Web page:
Open Europe Blog

David Cameron is quoted in today’s Telegraph saying that he wants to negotiate a “new settlement” with the EU with powers returned to Britain, but that he would never campaign for an “out” vote in a referendum. “If your vision of Britain was that we should just withdraw and become a sort of greater Switzerland, I think that would be a complete denial of our national interests”, he said.

The ‘never’ part doesn’t seem to be a direct quote so it’s not entirely clear how to interpret it. However, several commentators have already laid in to Cameron over ‘revealing his negotiation hand’. In order to make demands for renegotiation credible, so the argument goes, Cameron must be willing to keep the “out” option open, in order to have a fall-back plan should negotiations fail. Otherwise, other member states have nothing to fear and can just tell the UK to go and stuff itself. A couple of things:

  • As the Telegraph’s James Kirkup has pointed out, when he said he wants to stay in the EU, Cameron merely restated what was in the 2010 Tory manifesto, so it’s not as if he’s changed position 
  • There’s virtually no clean ‘out’ option to fall back on. Whether EEA, bilateral FTA or Turkey+, all alternative models also require renegotiation with, and approval by, the other 26 member states, meaning that the ‘what happens if they say no’ question still applies also under an ‘out’ scenario. The only way Cameron can get around that is by explicitly stating that he’s willing to fall back on WTO rules – which would not require anything – but which would instantly turn the entire UK business community, amongst others, against him. 

Having said that though, those who criticise Cameron have a point First, demands for Britain to leave are not a negotiation ploy but are real, and will intensify absent new EU membership terms. The UK government cannot be seen as defending EU membership at ‘any cost’. Secondly, as we’ve said before, if the EU becomes a political extension of the Eurozone, i.e. if directly or indirectly greater Eurozone integration spills over to Britain, for example via a banking union, Britain simply cannot remain inside – politically, democratically or economically. Finally, as we argue in our recent report on EU-UK trade, there are scenarios under which the exit door could suddenly look a lot more attractive, including if single market liberalisation stalls and if the Eurozone grows more protectionist internally and externally, preventing UK business from taking advantage of growth opportunities around the world.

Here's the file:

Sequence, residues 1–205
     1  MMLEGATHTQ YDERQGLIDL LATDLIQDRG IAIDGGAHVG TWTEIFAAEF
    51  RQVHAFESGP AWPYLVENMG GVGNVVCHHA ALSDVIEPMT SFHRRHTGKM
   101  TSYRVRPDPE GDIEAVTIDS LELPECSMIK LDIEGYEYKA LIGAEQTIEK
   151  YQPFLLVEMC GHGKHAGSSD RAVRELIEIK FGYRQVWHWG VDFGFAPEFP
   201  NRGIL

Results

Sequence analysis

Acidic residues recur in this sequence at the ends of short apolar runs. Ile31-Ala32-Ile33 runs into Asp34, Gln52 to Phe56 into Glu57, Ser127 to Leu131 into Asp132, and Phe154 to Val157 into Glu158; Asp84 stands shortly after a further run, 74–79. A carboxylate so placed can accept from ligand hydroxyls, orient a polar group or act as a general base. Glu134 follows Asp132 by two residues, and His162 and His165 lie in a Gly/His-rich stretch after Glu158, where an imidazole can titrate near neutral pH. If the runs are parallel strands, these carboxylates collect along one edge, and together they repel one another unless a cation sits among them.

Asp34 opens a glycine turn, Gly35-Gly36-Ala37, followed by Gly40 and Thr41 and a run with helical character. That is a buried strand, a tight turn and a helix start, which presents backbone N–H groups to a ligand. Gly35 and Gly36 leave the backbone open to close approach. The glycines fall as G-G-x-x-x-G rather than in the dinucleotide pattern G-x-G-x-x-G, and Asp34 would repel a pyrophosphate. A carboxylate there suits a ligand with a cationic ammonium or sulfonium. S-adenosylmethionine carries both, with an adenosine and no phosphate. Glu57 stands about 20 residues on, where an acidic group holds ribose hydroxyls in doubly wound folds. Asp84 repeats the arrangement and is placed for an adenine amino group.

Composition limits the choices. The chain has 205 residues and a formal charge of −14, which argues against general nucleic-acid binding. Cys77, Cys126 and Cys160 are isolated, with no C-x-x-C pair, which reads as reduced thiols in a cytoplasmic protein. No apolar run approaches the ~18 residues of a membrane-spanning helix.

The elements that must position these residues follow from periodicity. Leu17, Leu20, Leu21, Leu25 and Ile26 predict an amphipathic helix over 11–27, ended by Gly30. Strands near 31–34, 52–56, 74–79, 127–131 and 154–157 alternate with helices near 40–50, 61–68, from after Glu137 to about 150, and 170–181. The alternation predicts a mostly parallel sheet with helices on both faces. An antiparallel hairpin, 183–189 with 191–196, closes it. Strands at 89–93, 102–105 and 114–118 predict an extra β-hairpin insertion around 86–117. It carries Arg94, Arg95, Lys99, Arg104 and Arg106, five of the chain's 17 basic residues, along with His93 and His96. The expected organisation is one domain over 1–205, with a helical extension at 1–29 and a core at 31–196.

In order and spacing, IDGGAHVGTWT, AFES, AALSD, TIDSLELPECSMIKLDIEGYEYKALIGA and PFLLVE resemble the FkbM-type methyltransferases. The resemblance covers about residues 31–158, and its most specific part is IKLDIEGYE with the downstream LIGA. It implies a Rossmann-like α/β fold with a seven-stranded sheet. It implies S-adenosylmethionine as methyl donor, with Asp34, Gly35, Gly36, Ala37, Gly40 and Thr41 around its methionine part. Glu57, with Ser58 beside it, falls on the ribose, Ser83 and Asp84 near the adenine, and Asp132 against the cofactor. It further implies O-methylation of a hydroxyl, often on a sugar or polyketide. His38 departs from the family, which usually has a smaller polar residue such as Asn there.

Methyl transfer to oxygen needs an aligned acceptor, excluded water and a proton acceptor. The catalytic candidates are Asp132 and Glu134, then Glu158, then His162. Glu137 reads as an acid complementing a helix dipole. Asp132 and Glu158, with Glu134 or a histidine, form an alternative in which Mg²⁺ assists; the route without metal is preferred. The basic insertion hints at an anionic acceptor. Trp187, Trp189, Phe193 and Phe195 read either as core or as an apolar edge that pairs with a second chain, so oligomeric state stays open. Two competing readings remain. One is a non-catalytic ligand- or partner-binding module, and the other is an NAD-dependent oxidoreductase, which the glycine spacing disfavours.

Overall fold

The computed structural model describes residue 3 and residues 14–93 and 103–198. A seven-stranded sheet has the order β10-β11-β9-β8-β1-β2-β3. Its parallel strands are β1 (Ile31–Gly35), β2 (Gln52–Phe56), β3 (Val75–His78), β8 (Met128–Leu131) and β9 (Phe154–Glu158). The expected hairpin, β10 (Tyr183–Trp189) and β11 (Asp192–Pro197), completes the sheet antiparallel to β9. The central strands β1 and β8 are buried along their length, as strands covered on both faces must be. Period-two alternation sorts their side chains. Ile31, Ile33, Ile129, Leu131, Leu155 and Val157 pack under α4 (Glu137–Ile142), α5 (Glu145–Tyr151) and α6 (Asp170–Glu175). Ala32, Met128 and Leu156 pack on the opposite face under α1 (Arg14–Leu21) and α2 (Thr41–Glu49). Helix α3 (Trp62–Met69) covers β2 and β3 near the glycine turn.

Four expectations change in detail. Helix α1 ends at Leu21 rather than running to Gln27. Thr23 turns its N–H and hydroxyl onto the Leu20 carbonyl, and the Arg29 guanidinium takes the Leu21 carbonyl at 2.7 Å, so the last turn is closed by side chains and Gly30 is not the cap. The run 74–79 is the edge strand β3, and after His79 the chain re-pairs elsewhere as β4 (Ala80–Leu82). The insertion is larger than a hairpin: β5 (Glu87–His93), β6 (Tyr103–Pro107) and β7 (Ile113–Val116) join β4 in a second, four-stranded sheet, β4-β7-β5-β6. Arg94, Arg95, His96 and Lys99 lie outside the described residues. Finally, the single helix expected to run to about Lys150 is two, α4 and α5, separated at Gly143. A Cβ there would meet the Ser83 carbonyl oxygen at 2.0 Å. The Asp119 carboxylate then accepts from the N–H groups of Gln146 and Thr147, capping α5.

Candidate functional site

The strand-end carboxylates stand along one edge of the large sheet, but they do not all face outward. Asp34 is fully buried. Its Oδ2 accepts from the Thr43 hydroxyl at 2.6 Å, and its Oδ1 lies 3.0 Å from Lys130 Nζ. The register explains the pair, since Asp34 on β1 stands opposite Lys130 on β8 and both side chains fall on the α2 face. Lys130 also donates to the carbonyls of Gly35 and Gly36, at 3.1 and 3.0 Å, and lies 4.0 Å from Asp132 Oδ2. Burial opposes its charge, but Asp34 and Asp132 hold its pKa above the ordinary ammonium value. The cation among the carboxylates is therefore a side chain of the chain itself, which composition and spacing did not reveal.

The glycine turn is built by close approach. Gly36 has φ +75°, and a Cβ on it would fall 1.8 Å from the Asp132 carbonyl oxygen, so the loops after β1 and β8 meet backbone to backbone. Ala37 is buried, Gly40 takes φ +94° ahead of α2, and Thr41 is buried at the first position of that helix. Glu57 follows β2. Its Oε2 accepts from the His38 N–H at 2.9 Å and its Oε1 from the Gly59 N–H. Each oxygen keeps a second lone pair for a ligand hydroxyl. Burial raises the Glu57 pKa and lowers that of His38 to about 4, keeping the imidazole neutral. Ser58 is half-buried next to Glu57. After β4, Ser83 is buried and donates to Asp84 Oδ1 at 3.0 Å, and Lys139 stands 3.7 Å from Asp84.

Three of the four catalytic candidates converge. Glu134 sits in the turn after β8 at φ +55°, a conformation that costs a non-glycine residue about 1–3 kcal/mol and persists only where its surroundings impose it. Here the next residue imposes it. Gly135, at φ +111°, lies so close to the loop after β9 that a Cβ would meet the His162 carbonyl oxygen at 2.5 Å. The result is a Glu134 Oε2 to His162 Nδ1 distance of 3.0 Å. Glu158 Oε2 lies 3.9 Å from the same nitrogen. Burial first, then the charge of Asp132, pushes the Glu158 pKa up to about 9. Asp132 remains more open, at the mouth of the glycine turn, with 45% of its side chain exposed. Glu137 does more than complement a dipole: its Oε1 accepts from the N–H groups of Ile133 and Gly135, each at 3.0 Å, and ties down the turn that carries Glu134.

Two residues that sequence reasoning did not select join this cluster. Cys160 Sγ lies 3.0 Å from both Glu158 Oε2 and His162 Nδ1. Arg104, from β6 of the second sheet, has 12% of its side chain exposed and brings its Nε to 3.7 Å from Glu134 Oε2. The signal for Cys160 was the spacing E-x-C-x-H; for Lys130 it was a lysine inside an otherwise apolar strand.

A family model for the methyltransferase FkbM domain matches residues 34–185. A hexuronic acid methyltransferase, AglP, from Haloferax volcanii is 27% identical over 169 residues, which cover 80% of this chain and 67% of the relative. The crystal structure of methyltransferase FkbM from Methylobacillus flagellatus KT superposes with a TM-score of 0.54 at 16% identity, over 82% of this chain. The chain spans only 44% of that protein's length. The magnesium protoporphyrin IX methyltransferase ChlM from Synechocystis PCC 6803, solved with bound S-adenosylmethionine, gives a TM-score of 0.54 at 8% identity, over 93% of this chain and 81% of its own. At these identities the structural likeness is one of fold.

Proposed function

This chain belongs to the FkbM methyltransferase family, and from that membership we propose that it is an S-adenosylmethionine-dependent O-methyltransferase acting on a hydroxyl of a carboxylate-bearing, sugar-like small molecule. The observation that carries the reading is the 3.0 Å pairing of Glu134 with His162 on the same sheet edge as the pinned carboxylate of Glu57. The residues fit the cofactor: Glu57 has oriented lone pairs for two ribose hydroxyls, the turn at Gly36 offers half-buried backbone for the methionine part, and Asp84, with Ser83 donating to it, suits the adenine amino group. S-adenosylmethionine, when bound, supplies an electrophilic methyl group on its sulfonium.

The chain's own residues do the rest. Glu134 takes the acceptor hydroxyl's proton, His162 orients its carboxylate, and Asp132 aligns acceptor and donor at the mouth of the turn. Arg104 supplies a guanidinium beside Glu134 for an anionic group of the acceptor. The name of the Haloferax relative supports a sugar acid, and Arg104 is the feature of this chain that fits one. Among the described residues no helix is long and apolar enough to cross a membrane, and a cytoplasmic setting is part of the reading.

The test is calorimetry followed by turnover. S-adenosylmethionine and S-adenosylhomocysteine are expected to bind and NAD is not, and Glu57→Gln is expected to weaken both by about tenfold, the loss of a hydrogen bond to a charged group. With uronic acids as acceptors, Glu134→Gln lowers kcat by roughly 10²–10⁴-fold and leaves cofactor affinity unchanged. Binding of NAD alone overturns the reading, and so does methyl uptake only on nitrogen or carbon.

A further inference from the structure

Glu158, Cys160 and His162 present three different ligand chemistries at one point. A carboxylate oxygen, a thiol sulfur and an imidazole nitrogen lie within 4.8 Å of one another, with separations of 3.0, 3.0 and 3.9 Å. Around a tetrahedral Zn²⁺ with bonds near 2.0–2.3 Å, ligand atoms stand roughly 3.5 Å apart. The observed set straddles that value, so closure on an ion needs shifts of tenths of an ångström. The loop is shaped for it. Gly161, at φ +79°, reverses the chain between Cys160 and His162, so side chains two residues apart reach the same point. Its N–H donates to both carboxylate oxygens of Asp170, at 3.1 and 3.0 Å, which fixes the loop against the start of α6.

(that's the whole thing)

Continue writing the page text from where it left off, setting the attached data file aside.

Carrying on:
Therefore, the smartest thing for Cameron to say would be: As we set out in the Tory manifesto, we remain committed to EU membership and will not seek an “Out” vote. However, we must also acknowledge that  the UK public is understandably growing more restless by the day. Absent new EU membership terms for Britain, while I personally would be against it, there may come a day, when it will no longer be possible to resist pressure for the UK leaving the EU, which would create a hugely unpredictable situation that would be in Berlin’s and Brussels’ interest to avoid.

David Cameron should frame the renegotiation of the UK’s membership terms as a bid to save the UK’s EU membership – that is a far more powerful negotiating tool than any short term threat for him to campaign to leave because, it could potentially gain support from some unexpected quarters, it is true and does not rely on the promise of a politician.

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